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Natural Ways to Reduce Stress, Proven by Science

A woman sits on the end a pier in front of a calm lake with mountains behind at sunrise.

Stress impacts our lives more today than ever before. Whether we’re enduring the hustle of a busy work or personal life, or navigating the challenge of finding a new normal in the wake of a pandemic, stress seems to be a fixture of modern life. Fortunately, there are natural ways to reduce stress, backed by research.

Don’t Live with Stress

Chronic stress isn’t something we should just accept. Short-term bouts of stress have the potential to save our lives—it’s why the “fight or flight” epinephrine-driven response exists, after all. Certainly that short-term stress was very adaptive for our Paleolithic ancestors. But what they rarely experienced was chronic stress, which works against us, eroding our physical wellbeing and mental health.

Health Impacts of High Stress

Stress can wreak havoc on all aspects of our lives. When it results from a traumatic or negative life event, it can lead to depression—which comes with its own set of challenges. High stress levels can also elevate your blood pressure and suppress your immune function.[1] Perhaps even more alarming, stress can influence how the brain works and may even predispose someone to develop long-term psychiatric disorders. [2](2)

While we can’t change our genes, epigenetic changes are possible which can turn genes on or off or influence how strongly a particular gene expresses. Environment can influence these epigenetic changes. This can include the actual environment you live in, but can also include the food you eat and the lifestyle that you lead—including your stress load. Chronic stress can lead to epigenetic changes that can result in health problems.[3]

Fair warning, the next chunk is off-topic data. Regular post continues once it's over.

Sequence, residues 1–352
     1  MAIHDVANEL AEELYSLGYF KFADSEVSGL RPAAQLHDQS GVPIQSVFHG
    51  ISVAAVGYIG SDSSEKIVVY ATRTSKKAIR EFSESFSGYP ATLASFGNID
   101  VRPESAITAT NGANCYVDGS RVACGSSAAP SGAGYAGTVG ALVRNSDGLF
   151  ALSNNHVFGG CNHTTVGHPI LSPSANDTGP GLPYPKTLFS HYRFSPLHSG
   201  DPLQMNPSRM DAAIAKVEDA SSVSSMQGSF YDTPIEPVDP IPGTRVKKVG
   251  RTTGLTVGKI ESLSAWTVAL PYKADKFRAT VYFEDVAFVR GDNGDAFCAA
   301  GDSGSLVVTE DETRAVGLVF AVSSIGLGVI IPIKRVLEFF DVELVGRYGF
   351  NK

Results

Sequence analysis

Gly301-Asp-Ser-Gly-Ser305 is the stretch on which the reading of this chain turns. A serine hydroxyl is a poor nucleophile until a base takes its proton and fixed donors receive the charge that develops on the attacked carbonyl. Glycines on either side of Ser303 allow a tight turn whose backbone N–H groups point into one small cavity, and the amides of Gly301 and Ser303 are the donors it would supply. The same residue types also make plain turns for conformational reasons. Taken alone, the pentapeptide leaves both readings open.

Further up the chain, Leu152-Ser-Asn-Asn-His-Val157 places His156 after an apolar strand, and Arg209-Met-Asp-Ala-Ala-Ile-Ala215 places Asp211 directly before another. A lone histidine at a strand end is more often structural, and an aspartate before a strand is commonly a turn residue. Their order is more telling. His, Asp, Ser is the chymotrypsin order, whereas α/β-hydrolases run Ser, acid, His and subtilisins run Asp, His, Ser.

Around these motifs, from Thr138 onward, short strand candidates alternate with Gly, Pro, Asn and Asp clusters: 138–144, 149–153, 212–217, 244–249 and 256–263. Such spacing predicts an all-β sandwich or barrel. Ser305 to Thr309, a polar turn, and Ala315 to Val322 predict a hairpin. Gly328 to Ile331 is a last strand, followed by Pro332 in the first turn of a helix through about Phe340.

Men and Women Experience Stress Differently

Men and women differ physiologically in many ways, and how they process and respond to stress is one of them. [4] Different areas of the brain are activated when it comes to sex-responsive differences to stress, with some research finding that women are more in touch with their emotions and how stress makes them feel, as well as a willingness or desire to talk about it. [5]

Stress Is Individual

Everyone is different, and stress won’t impact everyone the same way. Childhood experiences can predispose people to be more or less resilient, as can individual genes. There are even some differences, found in animal studies, as to how stress impacts performance, increasing it in men but suppressing it in women. [3]

Ultimately, it doesn’t matter how stress impacts you specifically. It is important, however, that you have a plan for how to address it when it happens.

Don’t Waste Time or Money on Unproven Relief

The Internet is filled with suggested ways to help address stress. Sadly, many of them are designed to take advantage of stress—not to reduce it.

This is especially true, for example, with those promoting (and trying to capitalize on) “mommy wine” culture, who suggest that moms “need” alcohol to unwind at the end of a long day or to deal with family visits during the holiday season. (Consider these 7 Stress-Busting Drinks instead.)

It’s also true of people who market relaxation items, like comfy clothes and bath salts, or facial masks and other spa-like treatments. These things are not bad in and of themselves, but the marketing world might try to convince you that each is a cure-all. None of them is.

You Can Destress!

There is good news here: Even if you’ve endured months or years of chronic stress, you can undo it. The brain has the capability to rewire and relearn, a process known as neuroplasticity. This happens as the body and the brain are able to shed stress and come back into balance. Mind-body practices are not always proven, but the following ways to reduce stress are backed by science to both help the body find relief from stress and to maintain the ability to handle it with more agility. [3]

6 Natural Ways to Reduce Stress

Instead of indulging in an extra glass of wine to unwind after a hard day, turn to these research-backed ways to lessen the body’s stress response. While some of them may be labeled as self-care, all of them are backed by real data showing that they can help calm the brain and body.


A practice of Traditional Chinese Medicine (TCM), acupuncture involves using tiny needles to stimulate energy flow in the body. While the mechanisms are not fully understood, research does find that it helps improve a person’s perception of stress. The positive effects of acupuncture can last for three months after treatment has concluded. [6]


Both a strength-based form of exercise and a mindfulness-based medium for breathing and mediation, yoga can help to address stress. It’s even been shown to alter inflammatory triggers in the immune system that are elevated at times of stress. [7] See our guide to Restorative Yoga Poses to Help You Sleep Better.